Autism and healthcare: multiple perspectives

This blog accompanies a twitter chat on 19 June 8pm UK time. Joining a twitter chat is easy – use your usual provider and follow #ebnjc.  Remember to insert #ebnjc in all your tweets for that.

Autism is not one distinct ‘thing’: it is social construction that is often described in a neurobiological way and encompasses a range of ‘conditions’. Diagnosis focuses on persistent deficits in social communication and interaction, and restricted, repetitive patterns of behaviour, interests and activities. Sensory over-sensitivity and under-sensitivity are also common features. It commonly co-occurs with learning disability, affecting about 45% of that population.

One key feature of ASD is that it is hard for a neuro-typical person to appreciate the experience and it is a far more diverse experience than is usually appreciated. A person with ASD may be severely affected by their condition, requiring emotional and physical support and care 24 hours a day. At the other end of the scale there are people neuro-diverse people living independently and by any measure society might choose to use –successfully. While a small proportion will have extra-ordinary skills (associated with memory) most do not, but such individuals are remarkable and therefore disproportionately represented in media reports.

People with ASD often describe themselves as feeling excluded and out of place, unsurprising since the space we occupy is designed and managed by the neurotypical. We are fortunate to live in age where autobiographies and qualitative research provides a rich source of information about ‘what it is like’ to be a neuro-diverse person in a neuro-typical world. This information is useful but is limited by the fact that the authors and participants only represent a specific sub-population – those who are better able to manage the rules of the neuro-typical world and articulate their experience in a way that is accessible. Experiences of those more profoundly affected tend to reported through the lens of the carer – still a rich and useful resource but different.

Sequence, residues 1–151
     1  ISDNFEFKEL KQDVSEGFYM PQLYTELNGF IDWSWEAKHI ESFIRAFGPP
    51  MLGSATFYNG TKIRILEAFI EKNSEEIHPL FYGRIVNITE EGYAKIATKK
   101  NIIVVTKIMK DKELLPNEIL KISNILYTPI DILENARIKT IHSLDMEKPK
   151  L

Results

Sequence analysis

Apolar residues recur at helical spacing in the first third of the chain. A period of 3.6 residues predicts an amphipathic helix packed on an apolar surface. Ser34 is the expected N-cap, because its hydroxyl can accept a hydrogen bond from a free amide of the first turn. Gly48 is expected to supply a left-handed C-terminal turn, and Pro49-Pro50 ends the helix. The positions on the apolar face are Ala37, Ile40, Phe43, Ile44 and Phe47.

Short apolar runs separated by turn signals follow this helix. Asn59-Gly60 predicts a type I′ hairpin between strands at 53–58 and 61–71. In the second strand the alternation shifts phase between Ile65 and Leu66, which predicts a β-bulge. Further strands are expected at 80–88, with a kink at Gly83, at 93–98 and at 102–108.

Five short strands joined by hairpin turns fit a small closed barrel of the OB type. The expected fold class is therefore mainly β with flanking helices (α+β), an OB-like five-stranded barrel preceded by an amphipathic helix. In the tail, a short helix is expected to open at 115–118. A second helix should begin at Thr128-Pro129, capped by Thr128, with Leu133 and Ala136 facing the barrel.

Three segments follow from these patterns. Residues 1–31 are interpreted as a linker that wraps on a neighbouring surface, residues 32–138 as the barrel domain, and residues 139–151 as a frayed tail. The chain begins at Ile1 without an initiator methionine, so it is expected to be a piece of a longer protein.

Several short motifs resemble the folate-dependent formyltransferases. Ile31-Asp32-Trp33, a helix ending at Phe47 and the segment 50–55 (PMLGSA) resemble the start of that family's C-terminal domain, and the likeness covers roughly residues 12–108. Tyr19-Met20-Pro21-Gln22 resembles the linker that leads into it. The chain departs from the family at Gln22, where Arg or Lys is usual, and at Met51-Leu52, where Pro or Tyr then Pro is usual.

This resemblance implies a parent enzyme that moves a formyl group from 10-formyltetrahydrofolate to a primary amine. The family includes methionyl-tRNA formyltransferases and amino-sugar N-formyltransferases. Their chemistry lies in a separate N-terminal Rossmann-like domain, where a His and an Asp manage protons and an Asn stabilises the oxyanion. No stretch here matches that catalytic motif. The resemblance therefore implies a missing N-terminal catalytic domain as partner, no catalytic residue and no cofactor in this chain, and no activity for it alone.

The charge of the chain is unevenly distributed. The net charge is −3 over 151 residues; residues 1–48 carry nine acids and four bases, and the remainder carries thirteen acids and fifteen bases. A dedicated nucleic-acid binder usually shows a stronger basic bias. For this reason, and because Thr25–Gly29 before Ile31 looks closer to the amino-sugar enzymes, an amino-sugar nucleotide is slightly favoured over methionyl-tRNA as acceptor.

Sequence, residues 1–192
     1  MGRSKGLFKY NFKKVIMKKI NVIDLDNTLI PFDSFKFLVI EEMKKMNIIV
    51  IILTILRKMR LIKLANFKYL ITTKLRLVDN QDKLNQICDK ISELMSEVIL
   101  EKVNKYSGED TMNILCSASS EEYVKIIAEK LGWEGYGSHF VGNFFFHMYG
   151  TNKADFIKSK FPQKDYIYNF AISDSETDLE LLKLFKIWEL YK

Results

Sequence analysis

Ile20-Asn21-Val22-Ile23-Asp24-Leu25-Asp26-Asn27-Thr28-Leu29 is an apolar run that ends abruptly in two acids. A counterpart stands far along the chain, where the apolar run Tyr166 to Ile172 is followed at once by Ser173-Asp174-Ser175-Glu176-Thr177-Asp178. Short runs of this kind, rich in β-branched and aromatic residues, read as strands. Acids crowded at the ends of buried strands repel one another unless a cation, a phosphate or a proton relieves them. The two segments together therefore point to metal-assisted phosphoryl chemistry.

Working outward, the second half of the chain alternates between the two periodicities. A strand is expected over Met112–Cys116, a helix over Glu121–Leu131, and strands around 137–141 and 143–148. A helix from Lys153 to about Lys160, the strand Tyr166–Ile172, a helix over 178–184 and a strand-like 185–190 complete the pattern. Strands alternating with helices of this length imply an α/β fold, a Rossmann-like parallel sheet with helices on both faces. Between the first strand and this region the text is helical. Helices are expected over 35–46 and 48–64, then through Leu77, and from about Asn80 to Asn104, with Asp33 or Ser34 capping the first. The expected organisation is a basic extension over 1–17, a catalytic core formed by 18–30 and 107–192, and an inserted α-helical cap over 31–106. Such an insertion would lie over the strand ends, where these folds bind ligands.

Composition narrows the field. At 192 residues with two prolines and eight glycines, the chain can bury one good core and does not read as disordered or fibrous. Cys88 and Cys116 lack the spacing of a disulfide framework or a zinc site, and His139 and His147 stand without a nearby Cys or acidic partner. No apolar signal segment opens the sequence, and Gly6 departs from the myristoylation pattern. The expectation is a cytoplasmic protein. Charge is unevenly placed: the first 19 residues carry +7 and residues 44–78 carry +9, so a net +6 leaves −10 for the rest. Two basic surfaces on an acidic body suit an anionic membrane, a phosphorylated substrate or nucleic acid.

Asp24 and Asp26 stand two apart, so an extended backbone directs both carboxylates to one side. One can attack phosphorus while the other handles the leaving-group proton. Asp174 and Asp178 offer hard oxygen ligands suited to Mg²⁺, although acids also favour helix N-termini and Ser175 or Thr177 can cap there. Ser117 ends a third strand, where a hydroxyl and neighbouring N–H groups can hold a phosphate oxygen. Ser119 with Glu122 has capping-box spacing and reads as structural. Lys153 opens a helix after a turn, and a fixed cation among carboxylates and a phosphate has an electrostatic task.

It is important for health care professionals to have a good understanding of ASD. People with ASD have high levels of co-morbid medical and mental health conditions including gastro-intestinal, seizure disorders, depression, anxiety, and bipolar disorder, which bring the person into a confusing and over-stimulating neuro-typical world regularly.

Questions for our chat:
What are your experiences of being neuro-diverse in a neuro-typical health care world?
What are your experiences of caring for a neuro-diverse person in the health care setting?

Recommended reading:
Davidson J (2010) It cuts both ways: a relational approach to access and accommodation for autism Social Science and Medicine 70(2): 305-312

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